city of Los Angeles
officials recently proposed an ordinance that would give preference to local
companies when the city buys some good or service. It’s a
well-intentioned, feel-good measure that’s a bad idea.

ordinance would give local businesses an 8 percent advantage when they bid for
city work. So in a low-bid contract scenario, a local firm’s bid of $1
million for a city contract would be considered a bid of $920,000. And in a
request-for-proposal scenario, in which bidders are assigned points, a local
business that got 100 points would be considered to have 108 points. Obviously,
that would give local companies a leg up when they’re bidding against
nonlocal companies.

too long, the city of Los Angeles has awarded contracts to private companies
without considering if any of those funds will filter back into the local
economy," City Council member Bernard Parks was quoted as saying in a
city press release.

press release went on to explain that the city spends 84 percent of its
procurement dollars with businesses that are outside of Los Angeles. Therefore, of the $1.1 billion
allocated for government contracts, only about $180 million goes to local
businesses. If more of that money goes to local companies, it will boost L.A.’s economy, it

course, L.A.
businesses and business groups have every reason to like this ordinance. Who
could blame them? But let’s stop a minute and think about why this is a
bad idea.

main reason: This will increase city costs.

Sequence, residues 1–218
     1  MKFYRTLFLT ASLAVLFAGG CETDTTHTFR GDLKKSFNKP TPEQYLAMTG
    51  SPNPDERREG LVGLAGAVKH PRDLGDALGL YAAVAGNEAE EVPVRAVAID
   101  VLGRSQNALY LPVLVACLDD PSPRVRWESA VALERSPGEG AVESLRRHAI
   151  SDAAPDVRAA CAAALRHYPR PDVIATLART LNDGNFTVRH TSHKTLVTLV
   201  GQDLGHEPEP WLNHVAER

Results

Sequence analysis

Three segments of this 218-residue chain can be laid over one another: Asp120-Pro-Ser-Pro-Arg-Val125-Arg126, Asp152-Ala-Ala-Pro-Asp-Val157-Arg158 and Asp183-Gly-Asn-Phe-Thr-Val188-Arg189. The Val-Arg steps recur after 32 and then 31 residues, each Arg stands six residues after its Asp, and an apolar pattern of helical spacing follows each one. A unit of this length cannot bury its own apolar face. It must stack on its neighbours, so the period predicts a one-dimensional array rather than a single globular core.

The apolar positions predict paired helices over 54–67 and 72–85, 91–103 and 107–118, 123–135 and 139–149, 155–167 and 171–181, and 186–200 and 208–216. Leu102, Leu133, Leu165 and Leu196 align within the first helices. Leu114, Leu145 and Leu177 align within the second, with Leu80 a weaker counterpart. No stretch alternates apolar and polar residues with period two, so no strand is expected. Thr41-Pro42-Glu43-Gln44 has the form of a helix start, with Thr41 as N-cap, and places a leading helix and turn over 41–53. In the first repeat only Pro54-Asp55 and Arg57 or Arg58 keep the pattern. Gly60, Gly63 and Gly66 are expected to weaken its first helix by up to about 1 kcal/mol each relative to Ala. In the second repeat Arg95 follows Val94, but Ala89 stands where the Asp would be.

do the math. The city’s numbers, above, imply there’s something
like $920 million in city contracts that don’t go to local businesses. If
local businesses capture all of that business by barely undercutting the
nonlocals, that means they’d be able to charge 7 percent more. That comes
out to $984 million in procurement costs.

simpler terms: The city would have to pay $64 million more to get the same
stuff. That’s not a good deal.

that $64 million figure is the largest possible amount. The real world total
would probably be much less. But even if it’s, say, one-fourth as much,
that still would be an increase of $16 million in costs for the city. Not good
for a city facing huge budget deficits.

problem: Under this ordinance, local companies have an incentive to raise their
bids, knowing they’ve got an 8 percent fudge factor.

best rationale for the ordinance? It will boost the local economy and create
jobs. For the city, that increased activity may even offset the costs of the
ordinance because of new taxes from the additional employees and sales. That
would make the ordinance "free."

but the problem is that the city’s income from any increased economic
activity is divorced from the cost side of the ledger. I hate to be cynical,
but you know what city elected types will do. In a year or two, they could
ignore any revenue from increased economic activity. Instead, they would point
to the increased costs.

right there?" they could say. "Look at how our costs of procurement
have shot up because we’re trying to help local businesses. We need to
raise taxes."

the fundamental problem with the ordinance is that it would raise costs in Los Angeles. It would
force the city to spend more money to buy the same amount of stuff. In a macro
sense, those higher costs must be paid somehow.

better alternative for the city would be to focus on ways to lower costs for
businesses and residents, not raise them.